Written by Philip Dan

SEGUN OLUGBILE in this report highlights how a 23-year-old Nigerian girl, Askia Oghale Tessy, laundered Nigeria’s battered academic image in the United Kingdom by emerging the best graduating student at the 2011 convocation of Middlesex University, carting home five awards.

Oghale, during the 2011 convocation of Middlesex University, United Kingdom

She left Nigeria in 2010 an unsung hero. Though Miss Askia Oghale Tessy had graduated a year earlier with second class upper degree in Computer Science at the Novena University, Oghume, Delta State, nobody gave her a chance to do well at the Middlesex University, Hendon campus, United Kingdom, where she had secured admission to pursue a Master’s degree in Business Information/Computer Technology. But Oghale did not just do well, she emerged the best international graduating student to launder Nigeria’s battered academic image.
Apart from emerging the best, she also carted home five of the awards on offer during the convocation. According to the university, the Nigerian got the award as the best graduating student in Management Information Systems, Decision Support Systems, Systems Design Technology, Expert Systems Technology and Transaction Processing Technology. For her efforts, the UK university has given her an appointment as a lecturer and an automatic admission to run her Ph.D degree at the institution.
In a telephone chat with our correspondent, Oghale said that the quality academic background she was exposed to at Novena, her determination to succeed and the grace of God contributed to her academic success in UK.
“My experience in UK has proved that Nigeria’s education sector is not as bad as we think it is; at least I did all my primary, secondary education and my first degree in Nigeria and if my country’s education sector had been as bad as we used to think, one would not have been able to cope here,” she said.
Oghale, however, added that the level of facilities available in most UK institutions were far better than Nigeria’s. But she said that no student could succeed, whether in Nigeria or in foreign universities, if such student lacks determination and will power to shun distractions.
“For me, I pay full attention to whatever I want to do and I think that also contributed to my success,” she said.
She added that the solid academic foundation she received during her undergraduate days and the quality of lecturers that taught her in Nigeria also contributed to her academic success.
Oghale also said that the involvement of the private sector in the promotion of university education had also upped the standard of university education in the country.
She, however, urged federal and state governments that operate public university to increase funding allocation to these institutions.
“I’m a beneficiary of private university education in Nigeria and I advise government at all levels to invest more in education. If only our government will put in place the physical and academic facilities that will enhance learning, Nigerian students will compete favourably with their peers across the globe, because learning environment will affect students positively or negatively,” she said.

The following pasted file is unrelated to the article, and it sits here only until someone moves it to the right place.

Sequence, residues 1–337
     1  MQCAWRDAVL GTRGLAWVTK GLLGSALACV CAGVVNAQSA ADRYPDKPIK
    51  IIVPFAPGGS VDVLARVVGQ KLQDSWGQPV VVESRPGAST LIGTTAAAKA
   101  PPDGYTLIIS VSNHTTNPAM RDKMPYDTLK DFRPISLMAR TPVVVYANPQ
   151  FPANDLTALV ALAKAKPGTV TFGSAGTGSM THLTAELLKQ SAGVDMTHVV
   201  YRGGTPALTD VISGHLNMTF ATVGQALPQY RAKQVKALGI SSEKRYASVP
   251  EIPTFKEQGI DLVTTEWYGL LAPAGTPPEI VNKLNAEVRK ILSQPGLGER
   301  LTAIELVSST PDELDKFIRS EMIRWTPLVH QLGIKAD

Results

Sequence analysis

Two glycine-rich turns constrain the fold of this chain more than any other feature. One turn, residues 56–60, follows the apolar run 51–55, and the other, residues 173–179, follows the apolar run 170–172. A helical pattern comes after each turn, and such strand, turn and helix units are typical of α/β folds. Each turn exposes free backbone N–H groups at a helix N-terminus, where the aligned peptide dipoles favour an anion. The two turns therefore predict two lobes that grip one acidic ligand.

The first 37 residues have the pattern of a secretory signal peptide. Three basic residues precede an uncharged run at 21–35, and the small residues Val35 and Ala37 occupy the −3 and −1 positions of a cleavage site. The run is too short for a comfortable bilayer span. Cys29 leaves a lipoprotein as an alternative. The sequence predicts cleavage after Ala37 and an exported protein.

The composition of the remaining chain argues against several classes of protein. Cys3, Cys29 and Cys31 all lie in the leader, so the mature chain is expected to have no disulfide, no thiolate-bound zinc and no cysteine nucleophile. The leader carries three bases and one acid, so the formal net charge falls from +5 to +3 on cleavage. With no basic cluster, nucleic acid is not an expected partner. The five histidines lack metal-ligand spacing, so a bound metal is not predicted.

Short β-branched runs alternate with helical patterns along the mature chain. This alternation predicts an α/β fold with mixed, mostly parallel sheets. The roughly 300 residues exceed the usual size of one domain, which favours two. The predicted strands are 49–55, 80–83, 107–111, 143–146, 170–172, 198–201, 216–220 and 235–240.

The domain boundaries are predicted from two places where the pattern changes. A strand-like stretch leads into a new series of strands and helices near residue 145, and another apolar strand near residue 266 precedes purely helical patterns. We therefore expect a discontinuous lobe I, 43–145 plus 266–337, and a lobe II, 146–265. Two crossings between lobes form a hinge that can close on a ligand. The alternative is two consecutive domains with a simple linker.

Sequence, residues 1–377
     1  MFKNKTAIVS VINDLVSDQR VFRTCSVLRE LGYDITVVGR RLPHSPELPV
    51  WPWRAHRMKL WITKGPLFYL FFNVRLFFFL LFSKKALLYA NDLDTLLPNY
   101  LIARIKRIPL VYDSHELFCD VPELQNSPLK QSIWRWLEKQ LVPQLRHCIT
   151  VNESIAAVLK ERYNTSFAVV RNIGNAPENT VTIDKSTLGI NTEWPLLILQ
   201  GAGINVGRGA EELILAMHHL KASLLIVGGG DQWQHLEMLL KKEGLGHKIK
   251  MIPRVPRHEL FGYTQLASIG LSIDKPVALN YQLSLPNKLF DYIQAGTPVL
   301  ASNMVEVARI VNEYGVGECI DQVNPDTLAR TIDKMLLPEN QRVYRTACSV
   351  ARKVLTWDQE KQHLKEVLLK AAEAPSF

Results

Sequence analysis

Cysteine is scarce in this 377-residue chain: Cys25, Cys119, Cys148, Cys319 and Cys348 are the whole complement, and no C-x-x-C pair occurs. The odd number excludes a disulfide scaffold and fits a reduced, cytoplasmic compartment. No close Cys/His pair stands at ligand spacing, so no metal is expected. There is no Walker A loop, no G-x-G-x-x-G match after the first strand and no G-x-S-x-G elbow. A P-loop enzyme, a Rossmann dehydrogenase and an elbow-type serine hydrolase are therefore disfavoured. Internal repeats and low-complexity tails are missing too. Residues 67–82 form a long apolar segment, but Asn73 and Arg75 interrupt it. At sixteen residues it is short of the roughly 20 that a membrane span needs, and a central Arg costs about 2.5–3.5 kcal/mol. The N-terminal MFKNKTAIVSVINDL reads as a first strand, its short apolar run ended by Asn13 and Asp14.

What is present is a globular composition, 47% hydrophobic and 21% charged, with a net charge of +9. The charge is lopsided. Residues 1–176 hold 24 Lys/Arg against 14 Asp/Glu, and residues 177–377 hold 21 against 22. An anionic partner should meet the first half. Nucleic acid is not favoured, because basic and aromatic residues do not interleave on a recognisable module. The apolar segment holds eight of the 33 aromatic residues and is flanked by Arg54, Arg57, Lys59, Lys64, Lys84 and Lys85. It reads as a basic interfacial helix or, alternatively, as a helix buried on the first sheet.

Oghale’s brilliant performance abroad did not come as a surprise to her lecturers at Novena. Some of them who spoke with our correspondent on phone noted that the 23-year-old girl had, on many occasions during her undergraduate days, proved she was made for the top.
The Head of Department, Mathematics and Computer Science, Novena University, Prof. Forli Amusah Frank-Young, a Ghanaian, described Oghale as a hard working, brilliant, diligent student who loved challenges.
“I’m not surprised at her performance because when she was here, she proved to be a very brilliant student. She liked solving difficult questions and took pleasure in challenges,” the professor of Computer Science said.
He added that most times, the award winner engaged herself in research and academic work.
Also, the Head of Department of Chemical Sciences, Dr. Ekakite Andrew, said though he only taught Oghale Basic Chemistry in her first two years in the university, he knew that the girl would go places.
“She was a student who challenged me as a lecturer. She would go out of her way to prepare for class and what we do in Novena is that we encourage brilliant students like her and motivate the less brilliant. You should also know that this university was established to create stars and those who will change Nigeria and Africa for the better. She’s a picture of the future we desire,” he said.
Andrew, however, said that Oghale was not the only student of the institution who is doing well. He said others, including Miss Nwofor Vivian, a 300 Level Biochemistry student, had also written the name of the institution in gold.
Nwofor, he said, had represented the university in the zonal JETS Projects Competition (free choice category) at the Federal Capital Territory, Abuja and won the first prize.
“She went further to represent the FCT at the national competition where she also came first. Her exploits paved the way for her to represent Nigeria in South Africa in a Project Exposition tagged: “Expo for Young Scientists,” where she won a Merit Award for her excellent performance,” the lecturer said.
Nwofor, while speaking on her performance, stated that this was made possible by hard work, diligence and the good works her lecturers were doing in imparting knowledge to the students.

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Philip Dan

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